(This introduction to the deck was written by Christopher Allen, a member of our Stewards' Circle)
The most important thing to know is "why" these patterns were created. My answer is contained in these questions:
* Why is it that some meetings bring life to your soul?
* While others leave you wishing you'd never stepped in the room?
* What happens at the best ones, that makes them productive, fulfilling, sometimes even magic?
So begin your learning journey by remembering one of those great meetings. Don't worry about how or why, just recall that powerful feeling after a successful group meeting. It is that feeling which 50+ facilitators over 3 years attempted to distill their best practices to understand and repeat. These are the patterns they came up with.
The next step to understanding I recommend is to look deeper at two cards. You don't need the whole deck, just shuffle out a random dozen or so. Look through that set and find one that calls to you as a skill you have some strength in. Then pick one in which you feel you are weak. Set the other cards aside and think deeper on these two cards.
In your box there is a cardboard insert. On that insert is a section called "Key to the Cards". This describes the different sections of the cards. Understand that every part of the card has meaning. It can also be useful to go to the website and click on the pattern name at http://groupworksdeck.org/patterns_by_name and see what has been written up about it. You can even contribute your own experience or links there.
This gives you two sources of knowledge about the patterns — how do you grow your knowledge from there? I suggest you start with the categories.
The other side of the cardboard insert is a description of the 9 patterns. They are in rough order of when you need to think about them in a group process, starting with purpose, leading through flow and creativity, and ending with Inquiry & Synthesis and they all are surrounded by Faith.
Read the description of each category, and pull out the boldface "keystone" pattern card for each category. These the creators of the deck believe are the most representative of that category.
Intention -> Purpose
Context -> History & Context
Relationship -> Tend Relationships
Flow -> Divergence & Convergence Rhythm
Creativity -> Generate Possibilties
Perspective -> Viewpoint Shift
Modelling -> Holding Space
Inquiry & Synthesis -> Inform the Group Mind
Faith -> Emergence
Start with just these 9 cards. I might even recommend that you put the rest of the deck away for a while and just look at these 9 category descriptions and the 9 keystone cards. Like before, maybe look them up on the website for more detail. Maybe take one a day or week and try to embody that pattern for that period of time.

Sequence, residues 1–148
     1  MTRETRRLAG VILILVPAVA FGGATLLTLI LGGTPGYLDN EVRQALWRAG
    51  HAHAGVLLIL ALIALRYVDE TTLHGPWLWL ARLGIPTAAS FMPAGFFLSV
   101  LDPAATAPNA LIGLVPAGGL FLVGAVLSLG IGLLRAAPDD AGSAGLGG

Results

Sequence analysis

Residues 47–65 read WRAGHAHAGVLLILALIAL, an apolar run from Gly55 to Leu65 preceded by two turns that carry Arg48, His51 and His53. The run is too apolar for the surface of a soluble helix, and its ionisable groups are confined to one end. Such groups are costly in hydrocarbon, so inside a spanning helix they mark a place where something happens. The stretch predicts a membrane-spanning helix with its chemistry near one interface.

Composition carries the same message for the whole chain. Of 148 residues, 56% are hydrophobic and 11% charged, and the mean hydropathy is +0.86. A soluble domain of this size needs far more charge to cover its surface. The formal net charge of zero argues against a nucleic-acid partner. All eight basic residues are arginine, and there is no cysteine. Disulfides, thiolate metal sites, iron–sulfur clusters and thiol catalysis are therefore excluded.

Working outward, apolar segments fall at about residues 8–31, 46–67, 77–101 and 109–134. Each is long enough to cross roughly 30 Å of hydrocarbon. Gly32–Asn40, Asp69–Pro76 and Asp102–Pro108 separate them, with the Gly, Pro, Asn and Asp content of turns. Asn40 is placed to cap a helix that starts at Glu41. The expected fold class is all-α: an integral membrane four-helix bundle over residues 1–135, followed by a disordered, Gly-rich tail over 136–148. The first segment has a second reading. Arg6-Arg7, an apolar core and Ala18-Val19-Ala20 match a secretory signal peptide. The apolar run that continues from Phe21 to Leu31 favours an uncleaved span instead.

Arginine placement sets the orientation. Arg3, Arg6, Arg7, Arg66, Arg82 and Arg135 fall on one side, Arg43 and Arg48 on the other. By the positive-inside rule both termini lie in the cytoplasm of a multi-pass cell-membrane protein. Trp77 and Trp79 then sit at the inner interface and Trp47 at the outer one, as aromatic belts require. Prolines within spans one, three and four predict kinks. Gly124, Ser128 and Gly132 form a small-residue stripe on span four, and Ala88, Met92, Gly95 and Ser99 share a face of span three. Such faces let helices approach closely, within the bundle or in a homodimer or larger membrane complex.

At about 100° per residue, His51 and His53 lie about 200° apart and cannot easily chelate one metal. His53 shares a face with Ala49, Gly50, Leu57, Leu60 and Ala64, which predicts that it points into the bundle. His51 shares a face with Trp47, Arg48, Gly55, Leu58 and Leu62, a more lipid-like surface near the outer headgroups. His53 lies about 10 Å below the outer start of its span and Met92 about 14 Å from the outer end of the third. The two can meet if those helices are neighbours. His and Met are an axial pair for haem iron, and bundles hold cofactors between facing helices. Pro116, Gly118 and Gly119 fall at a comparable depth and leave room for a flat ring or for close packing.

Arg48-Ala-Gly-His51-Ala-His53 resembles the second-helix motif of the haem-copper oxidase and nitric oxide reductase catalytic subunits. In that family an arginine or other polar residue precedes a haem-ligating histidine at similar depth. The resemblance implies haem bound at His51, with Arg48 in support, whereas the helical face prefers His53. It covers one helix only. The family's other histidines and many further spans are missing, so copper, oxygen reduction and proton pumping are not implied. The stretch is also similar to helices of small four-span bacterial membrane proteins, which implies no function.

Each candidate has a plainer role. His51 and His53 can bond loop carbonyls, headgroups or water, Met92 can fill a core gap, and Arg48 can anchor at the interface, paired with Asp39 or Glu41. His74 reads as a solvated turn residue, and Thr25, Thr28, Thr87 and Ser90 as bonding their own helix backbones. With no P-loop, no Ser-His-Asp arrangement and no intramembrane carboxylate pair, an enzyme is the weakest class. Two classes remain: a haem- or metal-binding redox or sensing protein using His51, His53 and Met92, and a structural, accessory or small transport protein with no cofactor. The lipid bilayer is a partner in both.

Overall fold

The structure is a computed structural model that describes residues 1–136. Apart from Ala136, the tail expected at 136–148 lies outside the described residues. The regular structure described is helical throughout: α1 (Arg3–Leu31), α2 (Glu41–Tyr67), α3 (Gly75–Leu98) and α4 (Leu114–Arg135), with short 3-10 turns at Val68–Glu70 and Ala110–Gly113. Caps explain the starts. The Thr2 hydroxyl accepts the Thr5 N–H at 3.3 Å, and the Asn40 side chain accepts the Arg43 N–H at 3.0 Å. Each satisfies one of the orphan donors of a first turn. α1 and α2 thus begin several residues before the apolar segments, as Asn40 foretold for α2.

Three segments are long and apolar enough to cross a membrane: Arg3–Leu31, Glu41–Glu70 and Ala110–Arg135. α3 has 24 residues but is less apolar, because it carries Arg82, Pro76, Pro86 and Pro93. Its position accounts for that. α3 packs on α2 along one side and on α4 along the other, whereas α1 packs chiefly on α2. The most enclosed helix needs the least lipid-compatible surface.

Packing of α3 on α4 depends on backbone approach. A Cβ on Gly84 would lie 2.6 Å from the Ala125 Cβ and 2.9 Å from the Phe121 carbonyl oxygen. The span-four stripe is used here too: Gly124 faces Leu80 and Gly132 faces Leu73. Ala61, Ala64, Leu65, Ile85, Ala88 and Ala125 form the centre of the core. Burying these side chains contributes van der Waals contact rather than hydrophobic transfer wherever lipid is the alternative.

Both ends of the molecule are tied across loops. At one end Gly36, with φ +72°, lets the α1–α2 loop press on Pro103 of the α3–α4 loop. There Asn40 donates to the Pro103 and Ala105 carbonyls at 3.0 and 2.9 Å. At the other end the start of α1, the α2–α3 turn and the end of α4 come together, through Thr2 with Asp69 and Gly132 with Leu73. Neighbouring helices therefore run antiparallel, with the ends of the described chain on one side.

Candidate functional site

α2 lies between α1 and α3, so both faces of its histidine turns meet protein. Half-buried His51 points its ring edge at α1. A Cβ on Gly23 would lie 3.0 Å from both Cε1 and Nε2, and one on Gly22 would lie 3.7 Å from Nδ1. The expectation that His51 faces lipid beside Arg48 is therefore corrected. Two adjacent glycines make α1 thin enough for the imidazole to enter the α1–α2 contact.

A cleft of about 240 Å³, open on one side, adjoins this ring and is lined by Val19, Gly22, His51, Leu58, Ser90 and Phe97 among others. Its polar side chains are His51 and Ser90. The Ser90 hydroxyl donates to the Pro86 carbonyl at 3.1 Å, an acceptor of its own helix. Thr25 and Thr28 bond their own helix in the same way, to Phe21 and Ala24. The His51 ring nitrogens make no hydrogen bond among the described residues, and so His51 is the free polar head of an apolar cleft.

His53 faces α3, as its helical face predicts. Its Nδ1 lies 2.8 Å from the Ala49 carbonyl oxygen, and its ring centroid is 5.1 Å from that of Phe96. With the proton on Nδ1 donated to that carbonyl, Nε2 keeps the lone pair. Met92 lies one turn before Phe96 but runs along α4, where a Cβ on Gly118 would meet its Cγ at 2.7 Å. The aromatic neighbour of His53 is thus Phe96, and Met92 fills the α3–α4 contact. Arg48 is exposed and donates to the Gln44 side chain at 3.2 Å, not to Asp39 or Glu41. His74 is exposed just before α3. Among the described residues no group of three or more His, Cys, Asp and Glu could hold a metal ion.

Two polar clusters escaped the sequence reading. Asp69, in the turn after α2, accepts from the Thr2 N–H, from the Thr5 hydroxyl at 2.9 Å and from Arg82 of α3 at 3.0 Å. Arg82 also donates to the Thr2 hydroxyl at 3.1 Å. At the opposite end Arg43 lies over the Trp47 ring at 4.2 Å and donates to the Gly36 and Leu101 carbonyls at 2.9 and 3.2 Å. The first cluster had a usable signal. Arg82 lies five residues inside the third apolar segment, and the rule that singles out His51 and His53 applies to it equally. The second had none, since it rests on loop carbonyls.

Once you understand the keystone cards, it becomes far easier to understand the rest of the patterns. Here are some things you can do, maybe one a day, or once a week.
For each category:
- Take a keystone card and pull out all other cards in the category. With the keystone in the center, try to understand how the other cards add to the keystone to fill out the category.
- Like you did with your opening exercise, pick one that is a strength and one that you you need some work. Identify why you are strong with one and weak with another. Can you share something you've learned that makes you strong in that pattern? Maybe post it on the website. Do you have a question about a pattern that you don't understand well or have a weakness in? See if it on the website, and if not, ask a question on this list about it.
For each keystone:
- Pull the cards with the related patterns, placing the keystone in the center. Take a look in particular at those patterns that are not in the same category as the keystone. Ask youself the question of how those patterns are connected. What do they have in common, how are they different?
From here are are a wide variety of activities that you can do to better understand the patterns, at http://groupworksdeck.org/activities — I in particular recommend when you are starting these activities as they do not require a group:
Most of these activities are group activities, but if you don't have a local group to talk with them about, consider learning how to do a Google Hangout and inviting friends, colleagues and participants of this list to join you to work through one of these activities. Up to 10 people can be in the same Hangout and it is free.
I also like the iPhone version of the deck — I can be on the train and read about a pattern, or do a random draw at a meeting. If you have an iPad, there is a free version of the patterns as a download in my app Infinite Canvas.
There are occasional workshops on Group Pattern Language in a variety of locations, mainly on the northwest coast of N. America from Vancouver, BC to the San Francisco Bay Area. To hear when and where they are happening, sign up for one of our mailing lists in the upper right corner of this page.
If you can't make one of these workshops, consider finding a way to have your own workshop. I can give you the slides for my 4-hour workshop — it is easy to do and a great way to build a learning community. Many of the Group Pattern Language Project stewards and ambassadors travel regularly — ask us about hosting a workshop when we might be nearby. Some of us are full-time facilitators, you can even hire us to fly to teach if you can find some funding and a venue to host at.
I invite others that may have other advice on ways to learn and explore the patterns or use the cards.
May this help you begin your journey in your understanding of these powerful patterns!
— Christopher Allen, September 2013